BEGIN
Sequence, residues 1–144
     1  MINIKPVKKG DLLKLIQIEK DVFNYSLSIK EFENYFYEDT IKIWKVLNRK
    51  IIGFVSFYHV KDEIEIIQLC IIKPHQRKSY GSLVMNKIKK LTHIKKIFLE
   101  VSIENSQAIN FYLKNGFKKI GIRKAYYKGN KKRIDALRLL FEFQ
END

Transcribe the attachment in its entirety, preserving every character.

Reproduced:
Sequence, residues 1–144
     1  MINIKPVKKG DLLKLIQIEK DVFNYSLSIK EFENYFYEDT IKIWKVLNRK
    51  IIGFVSFYHV KDEIEIIQLC IIKPHQRKSY GSLVMNKIKK LTHIKKIFLE
   101  VSIENSQAIN FYLKNGFKKI GIRKAYYKGN KKRIDALRLL FEFQ